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Don't Let Government Print Money

The number of people who understand the Federal Reserve System is growing every day, and that is very bad news for the FED. Perhaps most amazing is that anti-FED consensus is forming among two seemingly irreconcilable camps: Those who trust in “big government” and those who do not.  

With awareness and opposition higher than at any point in recent history, this banker-created and administered “monetary system” faces the very real threat of being abolished. Just like the deceptively named “Bank of the United States” that preceded it, the FED cannot survive a united and determined movement against it.

So, the question then becomes: What will replace the FED? This is where the “trust-government” and the “don’t-trust-government” alliance falls apart. The former believes that government, instead of bankers, should be able to create money out of thin air. The latter believes that no group (bankers or government) can be trusted with a monopoly on this power. 

For the record, I fall firmly in the camp that doesn’t trust bankers or government with the power to create money. And although I believe that many of those in the “trust-government” camp are well intentioned, I feel that their trust ignores the countless ways in which “government” abuses the power it already has.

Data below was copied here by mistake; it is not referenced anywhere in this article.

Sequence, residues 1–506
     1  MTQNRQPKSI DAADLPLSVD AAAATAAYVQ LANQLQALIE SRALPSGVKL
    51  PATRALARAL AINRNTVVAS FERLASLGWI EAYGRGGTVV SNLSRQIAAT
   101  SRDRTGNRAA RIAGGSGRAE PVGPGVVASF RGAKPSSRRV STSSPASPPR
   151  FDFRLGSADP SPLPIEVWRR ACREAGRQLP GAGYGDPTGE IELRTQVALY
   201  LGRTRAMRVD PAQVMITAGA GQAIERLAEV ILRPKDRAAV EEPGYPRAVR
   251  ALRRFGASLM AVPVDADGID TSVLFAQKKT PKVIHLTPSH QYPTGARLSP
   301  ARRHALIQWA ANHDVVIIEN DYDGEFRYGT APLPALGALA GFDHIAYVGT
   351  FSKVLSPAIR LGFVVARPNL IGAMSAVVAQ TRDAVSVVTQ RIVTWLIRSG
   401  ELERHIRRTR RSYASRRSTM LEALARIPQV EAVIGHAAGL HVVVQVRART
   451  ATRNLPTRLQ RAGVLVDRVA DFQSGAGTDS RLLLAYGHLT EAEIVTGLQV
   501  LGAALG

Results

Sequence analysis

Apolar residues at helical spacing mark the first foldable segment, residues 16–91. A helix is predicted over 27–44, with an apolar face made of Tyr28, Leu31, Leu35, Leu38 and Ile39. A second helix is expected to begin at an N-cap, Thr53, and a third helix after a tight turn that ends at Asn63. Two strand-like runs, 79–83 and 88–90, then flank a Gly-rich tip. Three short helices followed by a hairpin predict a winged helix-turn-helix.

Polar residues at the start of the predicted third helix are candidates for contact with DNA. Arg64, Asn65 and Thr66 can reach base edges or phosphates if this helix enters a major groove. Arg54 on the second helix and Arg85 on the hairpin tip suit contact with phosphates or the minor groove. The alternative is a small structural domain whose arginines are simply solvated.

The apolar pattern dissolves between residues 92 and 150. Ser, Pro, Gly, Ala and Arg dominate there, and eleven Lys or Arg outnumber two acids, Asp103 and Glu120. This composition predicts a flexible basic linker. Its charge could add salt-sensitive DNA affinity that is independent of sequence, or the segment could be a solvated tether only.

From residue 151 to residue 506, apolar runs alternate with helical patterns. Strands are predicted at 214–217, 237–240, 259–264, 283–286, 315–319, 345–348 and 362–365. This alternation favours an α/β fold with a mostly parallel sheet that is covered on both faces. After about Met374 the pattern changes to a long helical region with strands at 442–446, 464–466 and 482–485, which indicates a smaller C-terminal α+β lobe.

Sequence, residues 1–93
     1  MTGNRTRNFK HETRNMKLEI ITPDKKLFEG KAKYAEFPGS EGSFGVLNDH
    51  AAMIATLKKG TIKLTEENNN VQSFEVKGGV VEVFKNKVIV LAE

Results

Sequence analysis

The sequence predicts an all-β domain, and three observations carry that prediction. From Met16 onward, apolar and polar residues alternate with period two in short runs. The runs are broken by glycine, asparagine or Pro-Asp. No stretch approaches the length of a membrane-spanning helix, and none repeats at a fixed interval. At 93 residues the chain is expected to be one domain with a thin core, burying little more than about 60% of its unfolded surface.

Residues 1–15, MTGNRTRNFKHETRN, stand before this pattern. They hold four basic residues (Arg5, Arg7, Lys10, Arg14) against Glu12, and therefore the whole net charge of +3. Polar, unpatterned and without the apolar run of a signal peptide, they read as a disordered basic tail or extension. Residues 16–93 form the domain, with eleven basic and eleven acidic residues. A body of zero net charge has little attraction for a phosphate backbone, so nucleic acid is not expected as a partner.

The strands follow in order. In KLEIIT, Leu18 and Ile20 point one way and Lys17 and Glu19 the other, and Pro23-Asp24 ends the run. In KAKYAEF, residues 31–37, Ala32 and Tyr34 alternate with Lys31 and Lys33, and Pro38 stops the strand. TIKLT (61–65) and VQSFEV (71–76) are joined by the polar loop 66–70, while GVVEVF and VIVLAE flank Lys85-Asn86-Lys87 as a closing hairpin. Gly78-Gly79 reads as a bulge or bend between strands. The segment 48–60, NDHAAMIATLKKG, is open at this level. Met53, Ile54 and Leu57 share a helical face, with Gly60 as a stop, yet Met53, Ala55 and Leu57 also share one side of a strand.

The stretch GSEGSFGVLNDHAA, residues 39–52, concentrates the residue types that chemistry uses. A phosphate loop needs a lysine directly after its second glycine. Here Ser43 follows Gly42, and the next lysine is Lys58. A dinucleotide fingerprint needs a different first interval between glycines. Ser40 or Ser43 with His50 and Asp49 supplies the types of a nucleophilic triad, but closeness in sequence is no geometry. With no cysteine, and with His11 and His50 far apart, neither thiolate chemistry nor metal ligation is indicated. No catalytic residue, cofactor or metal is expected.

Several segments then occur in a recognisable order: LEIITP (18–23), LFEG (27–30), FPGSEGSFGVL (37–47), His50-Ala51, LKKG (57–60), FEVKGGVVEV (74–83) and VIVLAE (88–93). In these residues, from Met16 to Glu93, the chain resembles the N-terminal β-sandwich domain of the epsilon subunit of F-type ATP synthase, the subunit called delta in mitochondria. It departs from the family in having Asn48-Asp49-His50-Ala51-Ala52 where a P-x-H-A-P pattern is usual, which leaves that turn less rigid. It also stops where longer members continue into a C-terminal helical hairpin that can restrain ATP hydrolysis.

With that said, here are some exchanges that address the most common “trust-government” arguments & questions that I hear. (Some have been shortened or paraphrased.) 

Have you heard of Stephen Zarlenga with the American Monetary Institute and have you read his book The Lost Science of Money? He seems to be right on target about the privately controlled Federal Reserve.  Zarlenga has real solutions to bring monetary control back under the Federal Government where it has been before in our history. Congressman Dennis Kucinich has introduced a Bill to do that mostly written by Stephen Zarlenga and the AMI.

Yes, I'm familiar with AMI and I've read “The Lost Science of Money." I think Stephen makes a lot of good points about the “problem,” but I'm very much against his solution. Sure, if the government can simply print all the money it wants directly, we've solved the problem of "interest" on what it spends. Unfortunately, the fiat-financed corruption and unconstitutional policies, the inflationary transfer of wealth, and the inevitable destruction of the currency all remain. (I understand that he believes the government will control its spending, so inflation won't be an issue. What I don't understand is how anyone can possibly believe such a thing. If the government has refused to restrain its spending even when it must BORROW money, what will stop it from spending when it can simply print whatever it “needs?”)


In short, I feel Zarlenga’s solution will provide unlimited funding for corruption, waste and war. It puts way too much power in too few hands and, in the end, I’m certain that the currency will be printed into worthlessness.